10. The wooden stage in college, where I sang & performed in plays & heard an audience’s applause, long car rides with windows down and the perfect silence shared between two souls, first kisses (of course), the first complete perfect-in-my-eyes-others-be-damned bit of writing, unhurried mornings, that special song that belongs only to you & one other. Close friends not separated by distance. Delhi winter mornings (which, thankfully will come again & again & again)…the lack of cynicism.
    Thanks Mahinn, for reminding me that some of this can be had again. Hugs.

  11. The first kiss on a cold winter evening… hiding on the terrace from our parents…

    Going to the newly constructed and as yet un occupied buildings and pretending we were secret agents..

    More.. lots more..

  12. summer afternoons when everyone slept and we played outside oblivious to the lahore heat. sitting on the terrace watching the rain with my mother. sitting at the back of the car with my brother and sister, while our parents drove us to soo many places. the gushing sound of the river in kalam. an old crumbling school wall, against an overcast sky. the old stones walls of old houses in pindi..before they were all demolished.. the brief hour’s interlude of sunshine in england and joy it brought.. the free falling hopeless first love n that feeling of never needing anything more than that one person..the unquestioned belief. the certainty in yourself..

  13. The vase of lilacs my mother put in my room to celebrate my homecoming. No, the scent of those lilacs in the room. Deep, dark night and no fear of what the darkness contained. The cat gazing frankly into my eyes. Holding my son in my lap, watching a movie together and feeling his excitement and joy. Having all the time in the world for friends. The Thanksgiving I spent all day cooking with Emery, listening to jazz while the snow piled up outside the fogged windows. The time right before the lovemaking. And just after.

    1. Linda, thank you for this. You are poet, I was going to say; (and I have little doubt you aren’t) but another voice tells me that we who revel in our memories, invariably are. Saudades make poets of us all.

  14. Sitting in my room as Kurt Cobain, Henry Rollins and Buzz Osborne opened my eyes to a whole new world of emotions and empathy. The idea that art could be pure. That there was still hope. Naive faith in revolution. The idea that I could be part of the new guard, that I was strong-willed enough to fight.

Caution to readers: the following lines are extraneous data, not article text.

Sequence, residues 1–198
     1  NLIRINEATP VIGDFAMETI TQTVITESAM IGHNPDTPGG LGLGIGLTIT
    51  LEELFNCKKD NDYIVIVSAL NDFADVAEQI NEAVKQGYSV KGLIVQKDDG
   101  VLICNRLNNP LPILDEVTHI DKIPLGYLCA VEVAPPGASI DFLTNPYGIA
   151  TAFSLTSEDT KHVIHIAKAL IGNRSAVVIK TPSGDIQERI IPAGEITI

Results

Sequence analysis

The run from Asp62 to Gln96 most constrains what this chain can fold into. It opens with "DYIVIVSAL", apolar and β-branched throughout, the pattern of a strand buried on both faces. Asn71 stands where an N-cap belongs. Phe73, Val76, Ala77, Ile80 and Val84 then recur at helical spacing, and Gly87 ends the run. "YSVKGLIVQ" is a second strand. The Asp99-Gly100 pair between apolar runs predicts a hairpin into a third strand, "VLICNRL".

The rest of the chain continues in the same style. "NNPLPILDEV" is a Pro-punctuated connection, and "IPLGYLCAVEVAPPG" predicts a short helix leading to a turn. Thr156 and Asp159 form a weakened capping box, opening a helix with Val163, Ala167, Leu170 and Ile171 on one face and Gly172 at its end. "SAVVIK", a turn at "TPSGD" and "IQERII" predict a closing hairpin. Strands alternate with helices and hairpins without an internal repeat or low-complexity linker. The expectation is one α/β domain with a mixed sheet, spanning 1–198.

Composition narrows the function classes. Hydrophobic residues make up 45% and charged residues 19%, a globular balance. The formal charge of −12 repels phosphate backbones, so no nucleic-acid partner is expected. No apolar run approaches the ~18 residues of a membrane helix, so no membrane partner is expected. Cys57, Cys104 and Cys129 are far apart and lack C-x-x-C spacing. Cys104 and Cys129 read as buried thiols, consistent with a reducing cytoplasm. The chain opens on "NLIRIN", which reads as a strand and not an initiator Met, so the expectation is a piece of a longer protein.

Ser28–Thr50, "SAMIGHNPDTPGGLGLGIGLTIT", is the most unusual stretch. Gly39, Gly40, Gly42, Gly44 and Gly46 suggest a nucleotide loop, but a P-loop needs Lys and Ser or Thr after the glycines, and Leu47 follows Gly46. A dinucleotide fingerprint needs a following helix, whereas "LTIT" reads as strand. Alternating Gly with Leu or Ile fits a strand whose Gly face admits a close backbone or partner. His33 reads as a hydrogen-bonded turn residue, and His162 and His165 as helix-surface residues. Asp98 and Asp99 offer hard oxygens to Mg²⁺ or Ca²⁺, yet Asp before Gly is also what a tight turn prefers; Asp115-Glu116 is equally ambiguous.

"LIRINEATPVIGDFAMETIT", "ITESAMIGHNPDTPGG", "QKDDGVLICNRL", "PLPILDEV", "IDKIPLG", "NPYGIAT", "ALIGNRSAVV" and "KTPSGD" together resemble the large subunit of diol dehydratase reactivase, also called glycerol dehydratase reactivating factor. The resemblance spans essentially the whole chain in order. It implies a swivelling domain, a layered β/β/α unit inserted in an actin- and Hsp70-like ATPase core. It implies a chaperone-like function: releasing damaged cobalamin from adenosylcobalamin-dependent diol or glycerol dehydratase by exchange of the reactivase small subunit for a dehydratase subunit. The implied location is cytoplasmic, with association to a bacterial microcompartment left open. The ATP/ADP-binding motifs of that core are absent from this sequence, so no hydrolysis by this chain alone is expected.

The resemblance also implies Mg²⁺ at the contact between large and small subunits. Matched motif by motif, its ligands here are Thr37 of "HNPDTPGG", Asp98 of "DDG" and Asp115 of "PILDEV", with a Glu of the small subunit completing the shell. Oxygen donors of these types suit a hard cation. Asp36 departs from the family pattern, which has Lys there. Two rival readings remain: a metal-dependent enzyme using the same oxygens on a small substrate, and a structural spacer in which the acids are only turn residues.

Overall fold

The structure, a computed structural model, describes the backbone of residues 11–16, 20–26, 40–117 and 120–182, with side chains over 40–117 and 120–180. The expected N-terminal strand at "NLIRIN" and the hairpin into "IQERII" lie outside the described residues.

1. I get the feeling that a lot of what you say is still very real, very much here and still possible. Good luck. xx

  15. walks down gulmohor-lined sidewalks with my dad; reading the latest nancy drew/hardy boys/enid blyton under guise of doing homework; waiting for my father to call my name when he returned from work; waiting to hear his footsteps in the corridor outside…

  16. That much-older married man, that day and night of tempestuous nothings, and the feeling that now is everything I ever wanted.

  17. Climbing trees as a 7 y.o., I would eye them from the ground, expertly judging placement of branches, potential for how high I might be able to go. Then swing up instinctively, searching hand holds in rough bark. Good trees would carry me up in a fluid stroke, revealing their secrets as I climbed, me always looking up, leaves and sunlight flirting, in constant motion. To get as high up as I possibly could, to the place where the branches would be more fragile and in my perch, and in stillness, I could feel the tree swaying in the breeze. Me, a part of it, swaying too. There was never fear, only joy. The safest of places for me. Each leaf a work of art, a wonder. Always hoping a bird would come and join me on a nearby branch. They never did. But the leaves would sing to me, in gentle rustlings out of silence, and in sudden thrilling crescendos. The whole tree itself would move and groan, an orchestra in full-swing, a symphony in green, blue and brown. And I would sing back.
    Sometimes my mother would come into the yard calling for me but I never answered, and she never looked up.

  18. So much nostalgia flooding back.

    Getting up in the morning in Dubai, watching the garbage truck do it’s crunching every morning.

    Running after Dad as he takes his daily walks through the Karama shopping centre, and we suddenly happen on the chat wallah there, Dad taking his Ragada Pattice and we trying a new flavour everytime.

    Believing in Santa Claus, when we all get our presents, except for my brother, and then seeing his present appear after a few hours, of his bawling.

    Remembering our yearly holidays to Goa, where the lanterns didn’t have bulbs, and the light was a faint yellow.